Fans of Sam Elliott will line up to see him star in “The Hero.” For the Sam Elliott Fan Club, the film offers plenty of views of his push broom mustache, the envy of miners throughout Silesia, and of his lanky lenghth, plus the exhilarating sound of that bass voice. But, ‘The Hero’ rides small in the saddle. Continue reading…

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BAND AID — Review by Martha Baker

‘Band Aid’ trembles before troubles. They argue. They bicker. They fight and bare their claws. They are a young married couple with issues. Anna’s a writer who feels like a failure because lesser writers she knows have solid careers. Ben feels maligned by life, and he leaves dirty, filthy, crusty dishes overflowing in their sink. Continue reading…

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ROUGH NIGHT — Review by Martha Baker

From the Changed Mind Department: “Rough Night” is not just a female version of “Hangover.” Yes, there are vulgarities, but women talk dirty, too. Yes, there is bawdiness, but women are fully capable of being nasty. Most of all, “Rough Night” is about women’s true and evolving friendships. ‘Rough Night’ involves spinsters at play. Continue reading…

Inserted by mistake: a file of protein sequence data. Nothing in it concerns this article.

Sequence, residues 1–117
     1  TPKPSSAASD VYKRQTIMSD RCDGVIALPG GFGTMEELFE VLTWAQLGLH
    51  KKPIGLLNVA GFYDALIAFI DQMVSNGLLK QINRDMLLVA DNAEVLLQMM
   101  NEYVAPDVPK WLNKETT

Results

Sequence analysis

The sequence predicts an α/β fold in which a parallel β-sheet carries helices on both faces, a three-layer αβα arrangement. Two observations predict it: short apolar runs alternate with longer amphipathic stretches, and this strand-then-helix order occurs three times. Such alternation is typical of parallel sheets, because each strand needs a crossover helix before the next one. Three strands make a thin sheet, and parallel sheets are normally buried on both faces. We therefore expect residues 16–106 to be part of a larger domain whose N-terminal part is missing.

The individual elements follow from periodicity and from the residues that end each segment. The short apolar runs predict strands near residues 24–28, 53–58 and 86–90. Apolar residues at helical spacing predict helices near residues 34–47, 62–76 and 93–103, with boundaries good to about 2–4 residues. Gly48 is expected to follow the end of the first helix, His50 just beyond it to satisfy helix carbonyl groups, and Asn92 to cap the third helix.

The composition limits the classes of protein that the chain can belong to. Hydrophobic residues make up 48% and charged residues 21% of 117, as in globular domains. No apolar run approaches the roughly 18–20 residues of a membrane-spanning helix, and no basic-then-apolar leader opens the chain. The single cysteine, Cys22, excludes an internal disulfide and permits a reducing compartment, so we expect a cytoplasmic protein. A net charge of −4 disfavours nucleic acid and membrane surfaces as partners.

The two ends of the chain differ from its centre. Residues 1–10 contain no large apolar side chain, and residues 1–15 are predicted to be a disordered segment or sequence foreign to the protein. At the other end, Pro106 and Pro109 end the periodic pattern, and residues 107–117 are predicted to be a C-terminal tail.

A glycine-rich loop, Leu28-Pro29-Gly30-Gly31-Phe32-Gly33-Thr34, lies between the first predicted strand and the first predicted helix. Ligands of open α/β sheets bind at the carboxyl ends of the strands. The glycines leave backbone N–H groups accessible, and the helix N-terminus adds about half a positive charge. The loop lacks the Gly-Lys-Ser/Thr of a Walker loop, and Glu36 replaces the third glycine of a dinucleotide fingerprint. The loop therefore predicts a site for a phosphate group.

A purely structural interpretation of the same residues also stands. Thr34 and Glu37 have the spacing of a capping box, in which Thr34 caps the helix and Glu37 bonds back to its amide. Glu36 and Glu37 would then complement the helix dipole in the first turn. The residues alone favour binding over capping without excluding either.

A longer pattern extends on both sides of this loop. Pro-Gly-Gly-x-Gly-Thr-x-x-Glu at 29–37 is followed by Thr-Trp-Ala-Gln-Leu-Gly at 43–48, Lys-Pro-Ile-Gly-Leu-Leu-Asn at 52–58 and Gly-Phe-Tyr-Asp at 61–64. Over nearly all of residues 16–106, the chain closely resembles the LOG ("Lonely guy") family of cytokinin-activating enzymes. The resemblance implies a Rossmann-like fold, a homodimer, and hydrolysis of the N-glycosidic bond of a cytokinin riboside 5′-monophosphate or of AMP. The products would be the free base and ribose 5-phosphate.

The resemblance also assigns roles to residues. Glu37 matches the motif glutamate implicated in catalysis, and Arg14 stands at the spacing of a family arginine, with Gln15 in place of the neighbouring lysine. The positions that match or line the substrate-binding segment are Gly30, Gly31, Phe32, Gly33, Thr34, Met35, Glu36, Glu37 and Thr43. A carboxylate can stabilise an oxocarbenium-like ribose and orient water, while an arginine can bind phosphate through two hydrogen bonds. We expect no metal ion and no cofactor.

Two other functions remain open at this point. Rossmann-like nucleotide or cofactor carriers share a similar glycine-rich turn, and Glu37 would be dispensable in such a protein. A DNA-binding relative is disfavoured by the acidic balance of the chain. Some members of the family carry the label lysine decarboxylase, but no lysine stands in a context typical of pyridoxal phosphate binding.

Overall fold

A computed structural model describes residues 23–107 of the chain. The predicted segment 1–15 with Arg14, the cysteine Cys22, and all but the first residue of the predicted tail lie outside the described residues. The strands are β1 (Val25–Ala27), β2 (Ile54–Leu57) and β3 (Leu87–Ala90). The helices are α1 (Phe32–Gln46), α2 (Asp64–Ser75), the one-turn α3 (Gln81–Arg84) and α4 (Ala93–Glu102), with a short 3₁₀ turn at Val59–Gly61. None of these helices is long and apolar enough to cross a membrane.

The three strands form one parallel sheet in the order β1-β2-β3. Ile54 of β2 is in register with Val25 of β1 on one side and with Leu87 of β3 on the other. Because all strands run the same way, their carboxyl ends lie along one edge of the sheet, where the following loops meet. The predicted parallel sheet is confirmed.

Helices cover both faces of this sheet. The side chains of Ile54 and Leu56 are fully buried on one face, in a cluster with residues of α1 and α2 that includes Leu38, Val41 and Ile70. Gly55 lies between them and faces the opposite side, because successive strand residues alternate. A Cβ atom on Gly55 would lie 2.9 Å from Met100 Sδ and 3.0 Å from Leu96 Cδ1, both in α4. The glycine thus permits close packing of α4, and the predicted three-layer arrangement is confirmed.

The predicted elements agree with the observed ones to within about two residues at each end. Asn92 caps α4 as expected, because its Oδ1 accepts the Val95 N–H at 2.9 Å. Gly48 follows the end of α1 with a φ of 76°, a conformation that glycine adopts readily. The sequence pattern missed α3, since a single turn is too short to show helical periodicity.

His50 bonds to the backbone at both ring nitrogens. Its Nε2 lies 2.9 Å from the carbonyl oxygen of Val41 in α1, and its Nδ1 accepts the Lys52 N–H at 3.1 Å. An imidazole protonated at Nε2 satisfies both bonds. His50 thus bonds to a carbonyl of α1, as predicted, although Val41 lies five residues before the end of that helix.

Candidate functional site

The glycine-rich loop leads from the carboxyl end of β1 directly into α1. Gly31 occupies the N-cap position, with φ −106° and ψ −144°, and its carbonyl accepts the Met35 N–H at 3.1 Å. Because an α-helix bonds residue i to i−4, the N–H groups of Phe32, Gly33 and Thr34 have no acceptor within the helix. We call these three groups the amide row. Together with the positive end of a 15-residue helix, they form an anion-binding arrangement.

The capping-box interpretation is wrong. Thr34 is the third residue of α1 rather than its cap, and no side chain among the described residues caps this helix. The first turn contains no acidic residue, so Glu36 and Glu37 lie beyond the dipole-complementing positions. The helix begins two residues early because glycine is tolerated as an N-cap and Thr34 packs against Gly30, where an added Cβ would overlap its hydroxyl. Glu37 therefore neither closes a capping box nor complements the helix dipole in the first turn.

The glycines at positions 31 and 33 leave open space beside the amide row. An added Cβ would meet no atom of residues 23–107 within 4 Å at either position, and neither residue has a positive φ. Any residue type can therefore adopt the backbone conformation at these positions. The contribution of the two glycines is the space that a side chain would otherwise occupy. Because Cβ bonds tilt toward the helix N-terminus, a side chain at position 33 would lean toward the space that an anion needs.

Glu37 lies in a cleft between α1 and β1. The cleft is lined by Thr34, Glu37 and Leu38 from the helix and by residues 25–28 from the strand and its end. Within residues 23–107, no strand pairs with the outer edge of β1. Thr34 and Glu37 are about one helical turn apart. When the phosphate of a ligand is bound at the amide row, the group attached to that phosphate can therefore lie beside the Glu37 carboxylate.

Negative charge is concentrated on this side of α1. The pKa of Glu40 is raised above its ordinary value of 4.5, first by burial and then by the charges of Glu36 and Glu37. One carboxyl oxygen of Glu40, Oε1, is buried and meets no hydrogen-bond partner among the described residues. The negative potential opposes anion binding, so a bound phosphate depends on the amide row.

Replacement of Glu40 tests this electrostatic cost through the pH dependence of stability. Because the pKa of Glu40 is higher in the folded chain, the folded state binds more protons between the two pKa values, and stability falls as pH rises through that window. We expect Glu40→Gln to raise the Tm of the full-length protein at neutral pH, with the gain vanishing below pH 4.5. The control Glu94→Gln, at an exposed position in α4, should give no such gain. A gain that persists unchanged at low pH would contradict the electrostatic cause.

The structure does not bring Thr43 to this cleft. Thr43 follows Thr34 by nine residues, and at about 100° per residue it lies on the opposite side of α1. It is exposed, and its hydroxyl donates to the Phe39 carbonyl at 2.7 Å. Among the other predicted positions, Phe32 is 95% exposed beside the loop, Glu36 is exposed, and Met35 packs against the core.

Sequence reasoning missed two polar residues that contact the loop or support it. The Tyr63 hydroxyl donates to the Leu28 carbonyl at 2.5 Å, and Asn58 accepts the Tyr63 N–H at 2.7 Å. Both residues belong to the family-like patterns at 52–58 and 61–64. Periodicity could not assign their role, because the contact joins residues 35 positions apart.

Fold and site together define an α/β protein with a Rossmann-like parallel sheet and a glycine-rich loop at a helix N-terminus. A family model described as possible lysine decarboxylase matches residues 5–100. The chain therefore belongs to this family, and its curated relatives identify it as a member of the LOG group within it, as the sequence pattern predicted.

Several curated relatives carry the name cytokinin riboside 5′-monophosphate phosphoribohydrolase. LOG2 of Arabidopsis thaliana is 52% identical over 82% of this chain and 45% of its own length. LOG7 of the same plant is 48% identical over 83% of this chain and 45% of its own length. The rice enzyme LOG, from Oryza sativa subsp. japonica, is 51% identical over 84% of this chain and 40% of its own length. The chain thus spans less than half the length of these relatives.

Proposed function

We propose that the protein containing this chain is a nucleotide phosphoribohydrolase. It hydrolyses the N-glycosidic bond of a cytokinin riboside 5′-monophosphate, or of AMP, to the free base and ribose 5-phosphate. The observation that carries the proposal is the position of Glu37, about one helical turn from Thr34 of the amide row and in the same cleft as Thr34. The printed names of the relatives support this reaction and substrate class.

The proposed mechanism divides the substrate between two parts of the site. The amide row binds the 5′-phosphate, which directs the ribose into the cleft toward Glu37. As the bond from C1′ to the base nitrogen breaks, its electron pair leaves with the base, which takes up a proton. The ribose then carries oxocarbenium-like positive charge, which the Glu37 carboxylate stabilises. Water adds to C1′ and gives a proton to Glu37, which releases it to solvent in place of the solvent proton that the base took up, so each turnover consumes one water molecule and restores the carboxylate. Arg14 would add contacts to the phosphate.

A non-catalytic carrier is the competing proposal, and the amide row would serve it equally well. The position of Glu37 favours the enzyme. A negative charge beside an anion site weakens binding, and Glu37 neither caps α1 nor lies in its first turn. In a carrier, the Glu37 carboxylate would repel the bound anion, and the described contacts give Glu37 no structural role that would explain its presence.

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I LOVE YOU BOTH — Review by Martha K. Baker

Everyone knows that twins are tight. They sometimes employ a private language, code words. They know each other better than they know others and often have trouble letting anyone else into their twin world. They know better than to exclude others, but they relate so well to one another. That is the case with Donnie and Krystal. Continue reading…

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MEGAN LEAVEY — Review by Martha K. Baker

“Megan Leavey” teaches about a dog’s life. The title is the name of a woman without direction. Leavey is treated poorly by her mother and step-father in a small New York town. She has no where to go. She’s going there fast, fueled by drugs and alcohol. She joins the Marines to get out of town. Once in the corps, even as she trains, Leavey continues making poor decisions. As punishment, she is sent to the kennels to clean dog poop. Continue reading…

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CHURCHILL — Review by Martha K. Baker